I think of Rosa Klebb, the shoe-blade.

Then, when the procedure actually begins, and smoke rises in a white plume from my open and defenseless mouth, I think about my tongue.

My tongue. Where is it supposed to go? There's a war going on inside my mouth: shrapnel spraying, heat rising...

Did I mention the smoke?

How do I protect a tongue I can't see, touch or feel?

I panic.

And that's where the leather straps come in. I've seen them before. They leave welts, you know.

Since I didn't see straps on my first visit to this guy, I suspect he uses the Auto-Strap, a hidden robotic device that's the latest in dental office supplies. I saw an ADTA (American Dental Torture Association) catalog in the waiting room.

So tomorrow, I get strapped in and discover just how pissed my dentist really was that I called him during his vacation.

And this may be the last you hear of me...

Wednesday, January 25, 2012

With Age Comes Wisdom

By Mark W. Danielson

Ever wonder why so many authors are older? Two reasons come to mind; experience and opportunity. Experience comes with age, and for many, the opportunity to write comes with retirement. For those of you who have achieved financial independence by writing novels, I salute you. For the rest of us who enjoy writing and are able to accept meager royalties, read on.

Since we only stop aging once in our lives, I’ll forego any further discussion on that topic and move on to experience. It is safe to say that our frame of reference comes from whatever we do and see. The more experience we gain, the more things we have to write about and describe with accuracy. Quality writing comes from being able to incorporate our experiences into meaningful settings and dialogue. To “write what you know” is more than an old adage. While it is possible to research topics and then write about them, the prose that follows is usually less exciting than if you had written with first-hand knowledge.

A lack of expertise becomes obvious when writing about technical items. To write and be technically wrong will cost you your credibility. To avoid this pitfall, consider interviewing experts and then write them into your story as characters. I have done this several times because I believe if I required an expert’s opinion on something, then my character probably did, too. Since my lead detective is an average guy, this technique works well. I prefer him not being all-knowing and seeing.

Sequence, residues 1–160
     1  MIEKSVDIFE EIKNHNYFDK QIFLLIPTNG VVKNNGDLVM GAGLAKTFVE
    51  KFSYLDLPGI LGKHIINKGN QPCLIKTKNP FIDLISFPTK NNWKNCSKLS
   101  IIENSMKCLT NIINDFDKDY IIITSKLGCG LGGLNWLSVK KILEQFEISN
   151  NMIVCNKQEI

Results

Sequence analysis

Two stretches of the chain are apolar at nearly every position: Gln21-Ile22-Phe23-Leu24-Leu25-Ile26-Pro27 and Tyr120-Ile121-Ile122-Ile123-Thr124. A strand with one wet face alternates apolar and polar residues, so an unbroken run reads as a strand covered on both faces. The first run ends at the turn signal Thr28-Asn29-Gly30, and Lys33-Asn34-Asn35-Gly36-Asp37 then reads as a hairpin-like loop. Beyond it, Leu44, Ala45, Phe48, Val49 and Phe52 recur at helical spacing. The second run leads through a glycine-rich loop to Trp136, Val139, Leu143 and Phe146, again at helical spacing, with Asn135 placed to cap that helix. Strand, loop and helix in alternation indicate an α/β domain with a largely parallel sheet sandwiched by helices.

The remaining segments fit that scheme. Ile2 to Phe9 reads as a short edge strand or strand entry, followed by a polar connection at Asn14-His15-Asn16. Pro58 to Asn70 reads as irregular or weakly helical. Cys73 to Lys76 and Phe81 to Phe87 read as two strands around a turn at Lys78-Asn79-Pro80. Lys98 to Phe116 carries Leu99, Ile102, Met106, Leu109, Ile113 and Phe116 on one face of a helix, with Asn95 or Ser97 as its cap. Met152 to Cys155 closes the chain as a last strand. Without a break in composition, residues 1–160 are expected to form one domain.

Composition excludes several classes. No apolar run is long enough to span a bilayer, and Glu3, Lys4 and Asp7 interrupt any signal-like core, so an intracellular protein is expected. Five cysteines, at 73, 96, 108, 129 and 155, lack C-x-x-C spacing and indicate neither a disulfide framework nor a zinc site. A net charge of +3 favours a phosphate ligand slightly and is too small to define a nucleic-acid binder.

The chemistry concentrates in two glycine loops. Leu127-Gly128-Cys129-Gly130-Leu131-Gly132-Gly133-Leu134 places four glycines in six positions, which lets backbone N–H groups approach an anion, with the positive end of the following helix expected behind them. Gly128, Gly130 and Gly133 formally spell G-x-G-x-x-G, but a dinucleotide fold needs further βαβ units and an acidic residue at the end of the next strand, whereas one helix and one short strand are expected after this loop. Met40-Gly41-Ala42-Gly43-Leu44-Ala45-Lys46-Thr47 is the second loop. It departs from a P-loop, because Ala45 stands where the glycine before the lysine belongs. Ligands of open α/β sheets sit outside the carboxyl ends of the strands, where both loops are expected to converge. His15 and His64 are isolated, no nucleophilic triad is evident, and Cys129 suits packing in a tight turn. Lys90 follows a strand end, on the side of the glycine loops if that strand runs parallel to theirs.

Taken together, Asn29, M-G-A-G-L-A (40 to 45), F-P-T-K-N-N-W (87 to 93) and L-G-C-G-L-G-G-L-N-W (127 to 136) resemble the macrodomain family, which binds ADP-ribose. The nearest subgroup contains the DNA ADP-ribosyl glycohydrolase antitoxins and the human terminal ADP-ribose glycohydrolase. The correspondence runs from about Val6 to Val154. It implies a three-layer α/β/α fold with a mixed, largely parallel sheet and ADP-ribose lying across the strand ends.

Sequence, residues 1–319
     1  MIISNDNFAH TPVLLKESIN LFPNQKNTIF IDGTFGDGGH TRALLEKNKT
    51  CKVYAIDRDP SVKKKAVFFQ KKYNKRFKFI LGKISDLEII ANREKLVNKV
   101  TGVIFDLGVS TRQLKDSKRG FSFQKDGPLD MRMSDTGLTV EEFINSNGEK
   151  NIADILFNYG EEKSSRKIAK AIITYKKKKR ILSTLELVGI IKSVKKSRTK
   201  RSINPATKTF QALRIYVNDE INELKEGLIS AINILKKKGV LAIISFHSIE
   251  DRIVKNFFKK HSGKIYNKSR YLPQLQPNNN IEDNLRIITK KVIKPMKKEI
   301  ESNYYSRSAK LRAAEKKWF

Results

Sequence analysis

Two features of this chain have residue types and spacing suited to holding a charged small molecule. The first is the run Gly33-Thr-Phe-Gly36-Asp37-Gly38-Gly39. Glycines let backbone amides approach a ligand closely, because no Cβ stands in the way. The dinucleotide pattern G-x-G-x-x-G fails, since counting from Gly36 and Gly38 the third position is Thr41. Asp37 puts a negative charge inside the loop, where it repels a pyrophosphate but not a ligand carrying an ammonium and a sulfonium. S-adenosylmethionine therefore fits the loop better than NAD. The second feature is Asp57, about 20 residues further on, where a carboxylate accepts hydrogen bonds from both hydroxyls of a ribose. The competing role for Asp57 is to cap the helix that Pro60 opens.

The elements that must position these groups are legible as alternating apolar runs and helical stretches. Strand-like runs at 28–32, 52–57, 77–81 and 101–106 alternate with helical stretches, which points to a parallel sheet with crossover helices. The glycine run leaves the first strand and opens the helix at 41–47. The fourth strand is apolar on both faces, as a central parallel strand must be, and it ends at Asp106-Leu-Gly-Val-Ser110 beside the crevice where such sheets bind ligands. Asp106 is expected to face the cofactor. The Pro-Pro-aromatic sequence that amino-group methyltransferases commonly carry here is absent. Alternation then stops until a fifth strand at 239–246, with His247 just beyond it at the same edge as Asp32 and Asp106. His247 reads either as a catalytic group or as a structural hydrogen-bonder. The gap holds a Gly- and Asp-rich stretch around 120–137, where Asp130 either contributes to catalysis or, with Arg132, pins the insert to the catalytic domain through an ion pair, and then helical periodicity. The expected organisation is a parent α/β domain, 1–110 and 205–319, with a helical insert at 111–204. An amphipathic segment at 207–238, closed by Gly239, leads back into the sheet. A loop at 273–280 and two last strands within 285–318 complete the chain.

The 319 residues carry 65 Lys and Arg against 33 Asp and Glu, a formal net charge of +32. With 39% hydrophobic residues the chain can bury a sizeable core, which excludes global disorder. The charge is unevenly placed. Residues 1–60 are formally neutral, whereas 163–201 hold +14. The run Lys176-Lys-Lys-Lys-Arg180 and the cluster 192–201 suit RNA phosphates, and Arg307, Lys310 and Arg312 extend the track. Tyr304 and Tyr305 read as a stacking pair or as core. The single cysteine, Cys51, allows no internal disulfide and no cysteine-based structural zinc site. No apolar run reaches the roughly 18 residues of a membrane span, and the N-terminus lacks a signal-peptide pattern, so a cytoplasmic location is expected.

I would wager there are more novelists who are retired than not. I say this based on observation and without authority, but it makes perfect sense. After all, people with full-time jobs must choose how to spend their free time, and for some reason, most that have families tend to prefer spending time with their loved ones rather than pinging on a keyboard. This is where retired folks have the advantage. Their only downside is they never get a day off. Retired or not, creative writing always comes down to time management.

If you want to write, then open your eyes as if you are seeing something for the first time. Wherever you go, take in the scene, its sounds, its smells, its grit. Note the dust on the light bulbs, the scratches on the doors, the wafting drapes, the creaking floors. Build your experience one day at a time, and when you sit down to write, draw upon your experience and fill your pages with emotion. While age may provide more opportunities to write, it’s the words that count. In this respect, the playing field is level.

Tuesday, January 24, 2012

Readers, eh? Can't live with them, etc., etc.

One of the questions I find difficult to answer is the one about whether we have a reader in mind when we write. I know I go on about the characters being free to do what they like but that’s the way it feels. So, in a way, when I’m recording their activities and dialogue, I’m being the reader (sort of). OK, in the end, it’s the writer-me who’s changing things around, editing sentences and segments to get the rhythms ‘right’, but the characters take precedence over almost everything else.

The reason I bring this up, however, is that in the course of answering an email from Jean way back it struck me that once you’ve blogged a few times and got a few comments you’re aware of your potential (and actual) readers. Which means that the character you’re watching/creating/recording is you and you can begin to anticipate what sort of responses he/it might provoke in the ‘audience’.